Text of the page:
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The Greek Bailout Deal: Finally Getting the Tax Policy Right

2 min readBy: Gavin Ekins

The Greek Prime Minister, Alexis Tsipras, agreed to a bailout deal over the weekend. As with previous proposals, the deal included a mixture of spending cuts and taxA tax is a mandatory payment or charge collected by local, state, and national governments from individuals or businesses to cover the costs of general government services, goods, and activities. reforms, but the latest deal shows that the Eurogroup understands the elements that underpin economic growth. Unlike previous proposals, the tax reform component of the deal called for “the streamlining of the VAT system and the broadening of the base to increase revenue.” This is the equivalent of the time-honored, tax-reform slogan, “reduce the rate and broaden the base.”

The tax component of the deal demonstrates an important point rarely discussed in tax reform: one can increase revenues without raising rates. Broadening the base without reducing the tax rate effectively raises revenue without changing marginal incentives on the current base. In other words, broadening the base does not exacerbate the tax burden of those already paying the tax, which can have negative long-run effects.

Moreover, the economically distortionary effects of a narrow base are alleviated when the base is broadened. The reduction in economic biases due to tax incentives allows the economy to focus on comparative advantages rather than political favor. The result is more specialization, increased productivity, and more trade.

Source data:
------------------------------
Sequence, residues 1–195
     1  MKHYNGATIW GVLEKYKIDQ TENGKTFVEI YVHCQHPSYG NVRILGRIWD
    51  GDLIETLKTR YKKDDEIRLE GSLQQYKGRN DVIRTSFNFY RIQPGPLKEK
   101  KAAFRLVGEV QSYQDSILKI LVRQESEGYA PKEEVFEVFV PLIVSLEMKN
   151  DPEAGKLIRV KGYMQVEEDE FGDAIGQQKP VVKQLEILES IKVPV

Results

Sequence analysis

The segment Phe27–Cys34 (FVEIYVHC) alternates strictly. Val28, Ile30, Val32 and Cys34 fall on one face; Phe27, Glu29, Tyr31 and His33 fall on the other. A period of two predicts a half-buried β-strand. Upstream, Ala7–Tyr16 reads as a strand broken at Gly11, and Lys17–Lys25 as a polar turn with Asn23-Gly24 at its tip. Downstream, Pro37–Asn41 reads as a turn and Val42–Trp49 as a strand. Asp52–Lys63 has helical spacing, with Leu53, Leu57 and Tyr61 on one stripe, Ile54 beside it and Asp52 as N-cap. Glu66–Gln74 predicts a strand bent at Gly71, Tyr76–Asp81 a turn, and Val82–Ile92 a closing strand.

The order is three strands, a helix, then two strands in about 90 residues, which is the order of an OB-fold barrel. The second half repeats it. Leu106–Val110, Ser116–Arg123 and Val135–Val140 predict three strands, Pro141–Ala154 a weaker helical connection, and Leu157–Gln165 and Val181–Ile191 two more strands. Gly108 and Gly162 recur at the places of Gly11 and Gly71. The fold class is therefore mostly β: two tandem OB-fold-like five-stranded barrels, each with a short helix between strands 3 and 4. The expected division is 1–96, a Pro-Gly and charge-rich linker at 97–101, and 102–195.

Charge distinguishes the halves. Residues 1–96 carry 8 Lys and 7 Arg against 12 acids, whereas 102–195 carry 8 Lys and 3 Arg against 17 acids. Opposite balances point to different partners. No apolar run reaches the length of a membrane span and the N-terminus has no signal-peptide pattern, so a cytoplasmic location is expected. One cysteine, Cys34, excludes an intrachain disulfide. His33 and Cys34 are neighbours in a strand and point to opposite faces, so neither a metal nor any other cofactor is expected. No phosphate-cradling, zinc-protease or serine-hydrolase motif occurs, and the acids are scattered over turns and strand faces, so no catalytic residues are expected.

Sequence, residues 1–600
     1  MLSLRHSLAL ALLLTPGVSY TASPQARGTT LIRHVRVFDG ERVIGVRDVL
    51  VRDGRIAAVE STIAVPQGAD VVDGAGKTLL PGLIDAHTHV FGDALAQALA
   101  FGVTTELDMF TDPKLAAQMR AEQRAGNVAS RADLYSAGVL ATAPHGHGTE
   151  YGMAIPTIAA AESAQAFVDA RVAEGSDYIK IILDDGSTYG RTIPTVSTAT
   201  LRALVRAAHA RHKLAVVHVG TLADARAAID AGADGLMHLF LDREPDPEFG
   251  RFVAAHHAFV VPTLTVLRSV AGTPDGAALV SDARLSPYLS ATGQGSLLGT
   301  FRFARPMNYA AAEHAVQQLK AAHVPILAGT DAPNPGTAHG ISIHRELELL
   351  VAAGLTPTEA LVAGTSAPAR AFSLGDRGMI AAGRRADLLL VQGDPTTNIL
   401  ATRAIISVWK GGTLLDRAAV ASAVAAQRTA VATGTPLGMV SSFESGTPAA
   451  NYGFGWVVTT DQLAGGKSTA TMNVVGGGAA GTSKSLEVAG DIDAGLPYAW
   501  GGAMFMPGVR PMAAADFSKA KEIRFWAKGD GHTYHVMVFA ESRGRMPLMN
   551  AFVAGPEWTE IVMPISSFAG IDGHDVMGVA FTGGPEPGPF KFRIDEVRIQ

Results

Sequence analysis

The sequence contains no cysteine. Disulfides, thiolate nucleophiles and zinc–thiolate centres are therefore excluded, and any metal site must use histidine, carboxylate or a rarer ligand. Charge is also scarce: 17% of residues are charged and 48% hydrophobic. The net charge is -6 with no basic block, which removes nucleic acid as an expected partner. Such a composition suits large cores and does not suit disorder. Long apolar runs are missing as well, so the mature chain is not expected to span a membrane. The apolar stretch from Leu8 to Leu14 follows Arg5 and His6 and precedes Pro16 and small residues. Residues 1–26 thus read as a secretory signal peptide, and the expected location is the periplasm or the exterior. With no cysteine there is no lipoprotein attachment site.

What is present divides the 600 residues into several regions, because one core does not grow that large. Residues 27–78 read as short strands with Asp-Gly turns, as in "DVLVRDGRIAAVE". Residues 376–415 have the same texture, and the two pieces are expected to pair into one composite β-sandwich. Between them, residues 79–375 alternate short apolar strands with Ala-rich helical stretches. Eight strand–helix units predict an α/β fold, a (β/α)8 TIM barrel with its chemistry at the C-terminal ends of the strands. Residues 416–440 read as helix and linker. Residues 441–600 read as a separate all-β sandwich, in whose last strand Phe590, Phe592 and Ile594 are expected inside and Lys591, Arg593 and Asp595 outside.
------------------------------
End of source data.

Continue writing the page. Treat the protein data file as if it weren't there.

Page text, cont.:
The Eurogroup also chose to broaden the base of the VAT, which is a consumption taxA consumption tax is typically levied on the purchase of goods or services and is paid directly or indirectly by the consumer in the form of retail sales taxes, excise taxes, tariffs, value-added taxes (VAT), or an income tax where all savings is tax-deductible. , rather than that of an income tax. Consumption taxes are known to have the least distortionary effects on savings and investment, which are key elements of an economic recovery.

In addition, the Eurogroup has asked that ELSTAT, the national statistical service of Greece, be given full legal autonomy. The provision is a protection against the Greek government meddling with official statistics in an attempt to hide the actual health of the economy. The provision ensures transparency to the credit markets and fellow EU member states.

The request for an independent ELSTAT is in response to Syriza reopening a criminal case against Andreas Georgious, the famous whistle blower who headed ELSTAT, last March. Georgiou famously exposed that the Greek deficit in 2012 was twice as much as was previously reported by ELSTAT.

Rarely do I have an opportunity to praise politicians for sensible economic decisions, but here is my opportunity. Good job Eurogroup. You are showing the economic maturity we should all expect from our political representatives.

I hope that the Eurogroup has the fortitude to stay the course; it is the best option if Greece is ever to repay its debts.